Thursday, January 17, 2019



One of the goals of the Nazis was to break the Jewish spirit and to destroy all semblances of dignity.
Dignity in response to attempted acts of physical and spiritual degradation was dramatically demonstrated in Lublin towards the end of 1939. The German commander, Glovoznik, had forcibly assembled the Jews in an empty field on the outskirts of the city and ordered them in jest to sing a Hassidic melody. Hesitantly, someone began the traditional melody “Lomir zich iberbeten, Avinu Shebashomayim - Let us become reconciled, Our Father in Heaven”.
The song, however, did not arouse much enthusiasm among the frightened masses. Immediately, Glovoznik ordered his hooligans to attack the Jews since they refused to comply with his instructions.
As the angry outburst began, an anonymous voice broke through the turmoil with a powerful and piercing cry, a distortion of the original words, “Mir velen sei iberleben, Avinu Shebashomayim - We will outlive them, O Father in Heaven!”
Instantly, the song took hold among the masses, until the people literally broke into a feverish dance. The assembled were swept up by the entrancing melody full of dveikus, which had now been infused with new content of faith and trust.
The intended derision was turned into a disaster for the bewildered Nazis, forcing Glovoznik to order a halt to the paradoxical spectacle.[2]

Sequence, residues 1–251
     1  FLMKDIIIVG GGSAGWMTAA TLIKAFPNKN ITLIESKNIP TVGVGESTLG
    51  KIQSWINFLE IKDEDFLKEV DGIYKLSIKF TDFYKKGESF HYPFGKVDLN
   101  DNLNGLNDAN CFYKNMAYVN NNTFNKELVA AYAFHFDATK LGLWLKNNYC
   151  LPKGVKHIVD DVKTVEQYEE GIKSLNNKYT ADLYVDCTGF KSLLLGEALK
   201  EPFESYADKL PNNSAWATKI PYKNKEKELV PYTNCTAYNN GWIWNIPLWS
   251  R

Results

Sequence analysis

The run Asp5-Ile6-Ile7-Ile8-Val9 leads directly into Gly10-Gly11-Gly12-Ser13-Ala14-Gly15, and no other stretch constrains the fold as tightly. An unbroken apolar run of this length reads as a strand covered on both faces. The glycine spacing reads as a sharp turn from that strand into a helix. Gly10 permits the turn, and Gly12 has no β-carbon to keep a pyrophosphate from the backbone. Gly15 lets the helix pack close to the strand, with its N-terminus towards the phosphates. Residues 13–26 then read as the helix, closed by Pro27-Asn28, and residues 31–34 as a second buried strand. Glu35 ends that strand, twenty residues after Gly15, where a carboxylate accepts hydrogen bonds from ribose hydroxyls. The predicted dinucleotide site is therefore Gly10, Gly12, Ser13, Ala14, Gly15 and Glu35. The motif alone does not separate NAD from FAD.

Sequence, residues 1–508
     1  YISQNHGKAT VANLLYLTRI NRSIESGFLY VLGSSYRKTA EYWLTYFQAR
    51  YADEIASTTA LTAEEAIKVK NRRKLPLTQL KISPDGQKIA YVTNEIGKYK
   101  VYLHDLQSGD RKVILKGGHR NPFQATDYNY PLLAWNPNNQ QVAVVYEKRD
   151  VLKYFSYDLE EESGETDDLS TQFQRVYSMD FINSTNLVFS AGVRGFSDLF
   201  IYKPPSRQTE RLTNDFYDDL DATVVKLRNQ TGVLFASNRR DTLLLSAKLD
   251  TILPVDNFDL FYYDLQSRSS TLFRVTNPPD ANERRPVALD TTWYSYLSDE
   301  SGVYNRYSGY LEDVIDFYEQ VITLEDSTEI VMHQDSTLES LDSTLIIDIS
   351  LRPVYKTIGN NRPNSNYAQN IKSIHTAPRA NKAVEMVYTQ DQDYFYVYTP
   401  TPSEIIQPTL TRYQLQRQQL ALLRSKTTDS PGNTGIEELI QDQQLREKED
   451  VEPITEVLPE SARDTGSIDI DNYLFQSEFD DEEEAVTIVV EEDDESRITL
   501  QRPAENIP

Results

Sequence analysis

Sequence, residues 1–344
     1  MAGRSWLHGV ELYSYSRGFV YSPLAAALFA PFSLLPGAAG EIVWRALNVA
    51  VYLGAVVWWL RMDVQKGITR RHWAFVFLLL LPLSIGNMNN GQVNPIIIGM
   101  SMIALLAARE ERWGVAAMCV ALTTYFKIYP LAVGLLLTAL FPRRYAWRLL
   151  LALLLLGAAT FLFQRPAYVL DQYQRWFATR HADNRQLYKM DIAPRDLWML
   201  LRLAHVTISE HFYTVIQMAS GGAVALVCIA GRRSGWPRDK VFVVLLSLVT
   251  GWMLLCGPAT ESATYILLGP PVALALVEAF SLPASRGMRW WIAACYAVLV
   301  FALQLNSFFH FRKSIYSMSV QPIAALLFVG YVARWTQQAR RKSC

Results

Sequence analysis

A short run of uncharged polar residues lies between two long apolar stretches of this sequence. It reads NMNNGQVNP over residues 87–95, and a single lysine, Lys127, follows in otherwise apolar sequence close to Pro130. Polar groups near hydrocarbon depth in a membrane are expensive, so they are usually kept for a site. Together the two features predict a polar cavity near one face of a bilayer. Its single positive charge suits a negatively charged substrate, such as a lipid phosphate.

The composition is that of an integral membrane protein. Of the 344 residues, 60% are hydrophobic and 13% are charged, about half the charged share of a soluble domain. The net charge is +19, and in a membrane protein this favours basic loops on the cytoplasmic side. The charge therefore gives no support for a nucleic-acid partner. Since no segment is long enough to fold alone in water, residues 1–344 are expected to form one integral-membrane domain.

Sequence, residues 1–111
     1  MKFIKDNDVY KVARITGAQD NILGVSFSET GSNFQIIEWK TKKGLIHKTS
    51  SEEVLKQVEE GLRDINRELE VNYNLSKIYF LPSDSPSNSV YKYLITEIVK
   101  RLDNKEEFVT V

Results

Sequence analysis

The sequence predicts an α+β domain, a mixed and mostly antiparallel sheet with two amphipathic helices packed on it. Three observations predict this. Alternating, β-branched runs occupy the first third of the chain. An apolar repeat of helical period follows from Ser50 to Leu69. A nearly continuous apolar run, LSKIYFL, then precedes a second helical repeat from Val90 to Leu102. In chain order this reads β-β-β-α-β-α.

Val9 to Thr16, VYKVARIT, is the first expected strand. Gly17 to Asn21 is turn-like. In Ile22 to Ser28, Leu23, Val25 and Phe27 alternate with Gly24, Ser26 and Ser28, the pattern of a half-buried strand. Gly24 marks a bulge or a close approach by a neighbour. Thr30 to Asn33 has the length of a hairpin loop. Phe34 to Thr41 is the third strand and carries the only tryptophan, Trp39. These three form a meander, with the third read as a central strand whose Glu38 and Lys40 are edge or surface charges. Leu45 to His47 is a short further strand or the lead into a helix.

The Shabbos when parshas Beshalach is read, is called Shabbos Shirah. It has the distinction of being the only Shabbos of the year that merits a special title based on the weekly Torah reading.[3]
Although parshas Beshalach contains the Shiras Hayam, the magnificent song the nation sang on the banks of the Yam Suf after it miraculously split, it would seem that there is a deeper connection to the concept of shira/song in the parsha. More than half the events detailed in the parsha transpire after the shira concluded – including the sweetening of the bitter waters, the beginning of the manna falling daily, and the epic battle against Amalek.  
The Chiddushei Harim explains that the parsha contains the nation’s first experience observing Shabbos. They were instructed to gather a double portion of manna on Friday and to perform all preparations of the manna for Shabbos beforehand.
Shabbos is inherently a day of song, as the psalm of the day states: “A psalm; a song for the day of Shabbos: It is good to thank G-d and to sing to His Supreme Name.[4]